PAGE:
Many travelers say they would prefer to stay at eco-friendly hotels, but lodging facilities don’t benefit financially from acquiring certification for green business practices, new research shows.
Researchers compared five years’ worth of financial data for hotels with and without third-party audits for practices like saving energy, conserving water and recycling. The green-certified hotels performed no better than hotels without the certification, although displaying comparable pricing information and informing consumers about what green certification entails could boost future sales, researchers said.
“Our work examines the gap between customers’ intent to patronize eco-friendly hotels and where they are booking nights,” said Christina Chi, professor of hospitality business management at Washington State University’s Carson College of Business, who led the study published in International Journal of Hospitality Management. “This is a critical issue for the tourism industry, which is facing internal and external calls to become more sustainable.”
Along with air travel, hotels are energy-intensive parts of the global tourism and hospitality industry, which is a significant emitter of greenhouse gases, according to the United Nations Framework on Climate Change. Recent estimates say tourism and hospitality contribute 5% to 8% of global greenhouse gas emissions. By 2050, that figure could rise to 22%.
“The tourism industry is both a contributor to climate change and also suffers greatly from it,” said Oscar (Henguxan) Chi, the study’s corresponding author and an assistant professor at the University of Florida, who worked on the research during his doctoral studies at WSU.
“Rising sea levels, wildfires and other extreme weather events are altering landscapes and threatening tourist destinations,” he said. “We see the impact in areas like the loss of sandy beaches, unhealthy air from smoky skies and flooding of historic and cultural sites.”
But encouraging hotels to invest in third-party certification for green business practices works best with a financial return, Oscar Chi said.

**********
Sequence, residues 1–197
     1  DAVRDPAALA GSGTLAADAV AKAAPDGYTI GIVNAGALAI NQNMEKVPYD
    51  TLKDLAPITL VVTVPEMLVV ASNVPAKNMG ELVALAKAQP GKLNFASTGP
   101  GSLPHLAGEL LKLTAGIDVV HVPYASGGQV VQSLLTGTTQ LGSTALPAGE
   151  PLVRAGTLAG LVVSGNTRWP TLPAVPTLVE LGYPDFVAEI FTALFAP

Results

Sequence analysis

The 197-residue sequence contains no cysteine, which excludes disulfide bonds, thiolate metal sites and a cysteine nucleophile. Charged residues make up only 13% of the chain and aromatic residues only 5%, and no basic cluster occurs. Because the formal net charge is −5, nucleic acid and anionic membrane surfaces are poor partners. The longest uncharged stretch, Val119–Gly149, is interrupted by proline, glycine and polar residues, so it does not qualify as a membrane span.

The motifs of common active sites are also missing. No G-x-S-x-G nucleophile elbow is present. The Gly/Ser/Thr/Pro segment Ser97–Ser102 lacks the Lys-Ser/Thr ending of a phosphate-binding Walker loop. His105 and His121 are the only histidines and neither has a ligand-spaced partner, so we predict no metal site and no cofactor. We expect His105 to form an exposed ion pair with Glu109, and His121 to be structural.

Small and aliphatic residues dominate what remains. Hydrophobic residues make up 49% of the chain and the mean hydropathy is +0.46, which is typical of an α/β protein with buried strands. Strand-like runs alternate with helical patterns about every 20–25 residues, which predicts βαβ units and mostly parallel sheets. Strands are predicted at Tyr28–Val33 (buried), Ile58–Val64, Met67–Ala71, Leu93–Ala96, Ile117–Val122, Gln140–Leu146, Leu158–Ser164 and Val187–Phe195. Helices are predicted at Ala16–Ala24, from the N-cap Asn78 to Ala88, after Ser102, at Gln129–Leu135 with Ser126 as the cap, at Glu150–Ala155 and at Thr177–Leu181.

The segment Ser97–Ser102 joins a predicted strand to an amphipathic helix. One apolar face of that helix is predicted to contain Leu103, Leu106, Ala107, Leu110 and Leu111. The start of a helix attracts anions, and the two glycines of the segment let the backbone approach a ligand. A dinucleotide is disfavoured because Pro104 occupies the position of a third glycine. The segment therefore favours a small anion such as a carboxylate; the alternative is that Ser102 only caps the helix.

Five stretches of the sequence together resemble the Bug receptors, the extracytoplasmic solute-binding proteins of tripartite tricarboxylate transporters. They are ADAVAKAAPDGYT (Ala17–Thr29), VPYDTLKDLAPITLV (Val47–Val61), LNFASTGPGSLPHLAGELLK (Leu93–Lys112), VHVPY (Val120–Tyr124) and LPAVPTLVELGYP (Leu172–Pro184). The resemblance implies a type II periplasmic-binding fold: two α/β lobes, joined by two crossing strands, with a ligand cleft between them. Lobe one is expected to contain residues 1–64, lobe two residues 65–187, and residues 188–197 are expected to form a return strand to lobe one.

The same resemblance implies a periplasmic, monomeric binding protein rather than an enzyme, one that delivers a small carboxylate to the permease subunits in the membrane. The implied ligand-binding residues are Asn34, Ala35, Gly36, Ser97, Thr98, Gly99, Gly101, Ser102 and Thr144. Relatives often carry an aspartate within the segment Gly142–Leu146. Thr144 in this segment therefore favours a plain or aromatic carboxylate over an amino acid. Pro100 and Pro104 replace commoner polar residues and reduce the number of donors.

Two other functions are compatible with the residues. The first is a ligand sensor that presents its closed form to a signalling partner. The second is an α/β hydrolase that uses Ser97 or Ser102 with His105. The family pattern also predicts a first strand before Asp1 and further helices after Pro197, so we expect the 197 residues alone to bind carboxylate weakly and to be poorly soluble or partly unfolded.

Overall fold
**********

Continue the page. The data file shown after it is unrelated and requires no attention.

For the study, the researchers looked at three key performance metrics for hotels: occupancy rates, average daily rate and revenue per available room. They used data from Smith Travel Research reflecting the operating performance of 1,238 hotel properties across the United States from 2015 through 2019.
Half of the properties had third-party certification through Green Seal Hotel Certificates, Green Key or Leadership in Energy and Environmental Design (LEED) from the US. Green Building Council. The other half did not. Performance metrics were similar for both groups of hotels, which were comparable in location, size and amenities.
Ironically, “the concept of green hotels used to be quite popular, and hotels actively promoted their credentials,” Oscar Chi said. “Now those green labels have all but disappeared from hotel advertising and websites. Properties found they didn’t help in terms of revenue and may actually be a deterrent.”
Prospective customers thought green-certified hotels were more expensive than other lodging, which was disproven by the study. People were also confused about what green certification meant and wondered if it was a marketing ploy.
When green-certified hotels advertised their rates alongside rates for comparable hotels, survey participants were more likely to book nights at the green-certified hotels, according to a follow-up survey of 440 people on the crowdsourcing site Amazon Mechanical Turk. Providing information on how green certification reduces energy and water use also increased bookings.
“Our research shows it’s possible to turn customers’ intent to ‘go green’ into actual sales,” said Christina Chi. “Besides helping green-certified hotels financially, these practices could put the tourism and hospitality industry on a more sustainable path.”